My hideous progeny: Mary Shelly, William Godwin, and the father-daughter relationship
William Godwin's influence on Mary Shelley pervades her novels, especially in the figure of the father. Her first two novels, Frankenstein and Mathilda, are both energized by the question of father-daughter incest. In Frankenstein, the spurned, abandoned monster can be viewed as a figure for a child made loathsome by the father's incestuous desire. Mary Shelley uses Frankenstein to chart the way a daughter can vent her rage on the figure of the father and eventually gain control over him. Mathilda focuses more directly than Frankenstein on the question of father-daughter incest; it is remarkable for its vivid portrayal of the ambivalent emotions of incest victims.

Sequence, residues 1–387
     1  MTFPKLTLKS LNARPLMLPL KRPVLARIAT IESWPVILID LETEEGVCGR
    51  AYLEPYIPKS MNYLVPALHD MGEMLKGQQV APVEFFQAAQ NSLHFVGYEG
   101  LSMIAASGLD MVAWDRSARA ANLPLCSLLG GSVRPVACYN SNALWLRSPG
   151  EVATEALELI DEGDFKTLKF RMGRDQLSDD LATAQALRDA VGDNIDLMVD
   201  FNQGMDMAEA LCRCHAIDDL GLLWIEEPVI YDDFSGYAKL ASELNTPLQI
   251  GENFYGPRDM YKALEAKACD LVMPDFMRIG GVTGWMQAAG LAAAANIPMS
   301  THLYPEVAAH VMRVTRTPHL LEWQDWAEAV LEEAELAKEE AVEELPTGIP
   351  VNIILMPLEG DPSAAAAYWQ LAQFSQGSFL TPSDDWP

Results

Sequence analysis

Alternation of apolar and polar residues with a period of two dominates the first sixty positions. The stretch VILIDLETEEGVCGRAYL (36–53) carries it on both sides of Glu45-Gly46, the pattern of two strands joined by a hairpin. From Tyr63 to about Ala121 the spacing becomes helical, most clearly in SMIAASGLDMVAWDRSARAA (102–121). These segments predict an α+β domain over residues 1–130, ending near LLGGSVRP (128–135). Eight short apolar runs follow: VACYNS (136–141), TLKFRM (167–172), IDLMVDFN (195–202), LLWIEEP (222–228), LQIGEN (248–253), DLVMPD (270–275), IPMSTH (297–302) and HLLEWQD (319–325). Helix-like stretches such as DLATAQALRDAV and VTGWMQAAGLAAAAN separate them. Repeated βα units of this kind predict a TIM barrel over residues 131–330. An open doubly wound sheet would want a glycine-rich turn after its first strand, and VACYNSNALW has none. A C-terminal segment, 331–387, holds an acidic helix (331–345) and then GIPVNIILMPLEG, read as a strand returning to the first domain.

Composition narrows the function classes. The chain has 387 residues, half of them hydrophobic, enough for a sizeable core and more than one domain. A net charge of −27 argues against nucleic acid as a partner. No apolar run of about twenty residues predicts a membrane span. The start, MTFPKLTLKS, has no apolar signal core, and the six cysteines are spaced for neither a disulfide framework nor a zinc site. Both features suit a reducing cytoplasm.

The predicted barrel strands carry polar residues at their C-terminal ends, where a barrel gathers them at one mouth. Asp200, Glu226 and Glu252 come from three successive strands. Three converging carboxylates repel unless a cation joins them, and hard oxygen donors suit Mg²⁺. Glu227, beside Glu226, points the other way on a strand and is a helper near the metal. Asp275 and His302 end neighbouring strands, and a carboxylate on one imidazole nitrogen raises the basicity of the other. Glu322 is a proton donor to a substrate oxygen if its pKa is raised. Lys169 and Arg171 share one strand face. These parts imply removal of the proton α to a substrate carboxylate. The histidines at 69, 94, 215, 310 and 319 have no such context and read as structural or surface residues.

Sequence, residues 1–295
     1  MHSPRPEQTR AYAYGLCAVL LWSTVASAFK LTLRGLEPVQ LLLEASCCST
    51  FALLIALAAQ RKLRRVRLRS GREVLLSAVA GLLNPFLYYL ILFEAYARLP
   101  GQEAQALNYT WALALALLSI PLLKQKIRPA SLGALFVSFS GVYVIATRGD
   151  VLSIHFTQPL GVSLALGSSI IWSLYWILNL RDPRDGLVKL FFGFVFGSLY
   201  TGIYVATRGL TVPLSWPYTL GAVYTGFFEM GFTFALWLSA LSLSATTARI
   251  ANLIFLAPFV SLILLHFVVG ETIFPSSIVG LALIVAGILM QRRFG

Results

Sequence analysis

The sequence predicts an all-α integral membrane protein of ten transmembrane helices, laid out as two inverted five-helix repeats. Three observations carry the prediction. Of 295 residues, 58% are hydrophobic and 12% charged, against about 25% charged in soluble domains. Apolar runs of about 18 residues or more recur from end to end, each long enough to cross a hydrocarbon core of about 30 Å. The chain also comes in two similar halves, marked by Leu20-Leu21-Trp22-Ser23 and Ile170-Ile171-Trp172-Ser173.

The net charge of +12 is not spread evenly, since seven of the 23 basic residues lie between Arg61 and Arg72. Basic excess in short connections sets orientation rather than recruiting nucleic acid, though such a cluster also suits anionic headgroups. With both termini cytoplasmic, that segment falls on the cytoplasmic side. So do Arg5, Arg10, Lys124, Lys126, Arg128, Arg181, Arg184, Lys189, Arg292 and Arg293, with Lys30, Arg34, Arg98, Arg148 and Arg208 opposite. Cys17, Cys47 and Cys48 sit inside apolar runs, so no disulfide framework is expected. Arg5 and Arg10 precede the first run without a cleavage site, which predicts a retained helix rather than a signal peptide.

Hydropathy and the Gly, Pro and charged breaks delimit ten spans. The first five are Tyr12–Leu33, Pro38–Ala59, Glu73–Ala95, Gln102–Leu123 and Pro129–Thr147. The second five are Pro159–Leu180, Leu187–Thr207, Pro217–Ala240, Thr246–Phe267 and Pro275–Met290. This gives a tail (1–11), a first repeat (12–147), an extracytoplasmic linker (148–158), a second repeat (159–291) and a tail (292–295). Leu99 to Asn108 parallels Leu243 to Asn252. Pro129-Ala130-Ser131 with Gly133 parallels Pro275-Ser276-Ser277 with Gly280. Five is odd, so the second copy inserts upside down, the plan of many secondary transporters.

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The Biography of a Relationship
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